“Our goal is not to go bankrupt,” Musk said at the Mobile World Congress conference in Barcelona, acknowledging that all previous attempts to build a satellite-based internet network in low-Earth orbit has ended in failure, bankruptcy or a pivot away from a direct-to-consumer business model. SpaceX began launching satellites for the Starlink network in 2019, and has built up to a rapid pace of deployment, launching more than 780 in the past six months alone.
The Starlink program is separate from SpaceX’s Dragon program, which aims to ferry people and goods to the International Space Station, and the Starship program, which is intended to one day bring humans to the moon or Mars, or haul massive satellites into orbit. Starlink, on the other hand, is SpaceX’s first foray into the satellite market.
It’s a take on an idea first proposed decades ago but never fully executed: Use thousands of satellites working in tandem from low-Earth orbit — which is the area below 1,000 km (620 miles) — to blanket the planet in high-speed interent connectivity. With roughly half the world’s population still without reliable internet access, the concept could be a game-changer. But it’s not without its challenges.
“Obviously, selling terminals for half price is not super compelling at scale to millions,” Musk said. “We’re working on next-generation terminals that are providing the same level of capability [and] roughly same level of capability, but it costs a lot less.”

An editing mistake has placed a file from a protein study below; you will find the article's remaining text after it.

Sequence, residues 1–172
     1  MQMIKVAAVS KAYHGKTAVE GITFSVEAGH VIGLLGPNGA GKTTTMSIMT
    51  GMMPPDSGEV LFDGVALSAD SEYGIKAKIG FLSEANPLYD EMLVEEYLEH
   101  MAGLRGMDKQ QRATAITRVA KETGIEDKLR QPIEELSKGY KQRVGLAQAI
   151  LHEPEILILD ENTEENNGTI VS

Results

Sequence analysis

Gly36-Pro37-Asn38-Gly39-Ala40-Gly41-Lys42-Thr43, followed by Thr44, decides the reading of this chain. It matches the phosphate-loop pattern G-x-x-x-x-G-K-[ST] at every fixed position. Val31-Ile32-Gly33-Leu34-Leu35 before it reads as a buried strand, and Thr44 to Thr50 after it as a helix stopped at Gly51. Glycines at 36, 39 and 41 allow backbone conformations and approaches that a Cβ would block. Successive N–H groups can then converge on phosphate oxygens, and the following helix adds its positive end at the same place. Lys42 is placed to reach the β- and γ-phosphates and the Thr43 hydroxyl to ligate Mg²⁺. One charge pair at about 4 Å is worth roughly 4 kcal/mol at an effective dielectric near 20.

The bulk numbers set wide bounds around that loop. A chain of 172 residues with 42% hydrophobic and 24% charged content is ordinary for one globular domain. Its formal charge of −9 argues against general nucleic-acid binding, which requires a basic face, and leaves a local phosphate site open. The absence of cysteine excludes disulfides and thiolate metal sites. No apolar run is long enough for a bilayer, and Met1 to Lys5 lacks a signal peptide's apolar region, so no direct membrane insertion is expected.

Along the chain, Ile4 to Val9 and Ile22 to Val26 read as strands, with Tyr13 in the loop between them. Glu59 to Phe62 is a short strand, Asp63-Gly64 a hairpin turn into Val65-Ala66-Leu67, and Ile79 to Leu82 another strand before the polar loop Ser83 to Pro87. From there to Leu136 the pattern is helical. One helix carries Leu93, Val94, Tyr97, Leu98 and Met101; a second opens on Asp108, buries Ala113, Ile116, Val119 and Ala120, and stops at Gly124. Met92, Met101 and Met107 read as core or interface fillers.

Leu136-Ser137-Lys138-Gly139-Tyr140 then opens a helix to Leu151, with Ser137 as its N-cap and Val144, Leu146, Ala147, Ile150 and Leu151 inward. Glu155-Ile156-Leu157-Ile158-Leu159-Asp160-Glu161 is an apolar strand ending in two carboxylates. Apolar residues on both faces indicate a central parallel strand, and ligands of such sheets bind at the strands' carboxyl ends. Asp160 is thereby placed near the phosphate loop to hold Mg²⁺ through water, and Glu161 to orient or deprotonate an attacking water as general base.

SpaceX has by far the biggest head start in building up its constellation and signing up users. Musk said he expects to have “possibly 500,000” Starlink customers within the next 12 months.
Whether or not that strong demand pans out will be crucial for SpaceX. Musk said he expects to sink between $5 billion and $10 billion into Starlink before the business is profitable. Even after that, Musk said SpaceX will “keep investing a great deal after that point in order to not be made irrelevant by improvements in” competing technologies, such as ground or cellular service.
Over time, SpaceX’s investment in Starlink could grow to $20 billion or $30 billion, Musk said. “It’s a lot.”
You may also like
Afghanistan: Civilian casualties hit record high amid US withdrawal, UN says
How Taiwan is trying to defend against a cyber ‘World War III’
Pandemic travel news this week: Quarantine escapes and airplane disguises
Why would anyone trust Brexit Britain again?
Black fungus: A second crisis is killing survivors of India’s worst Covid wave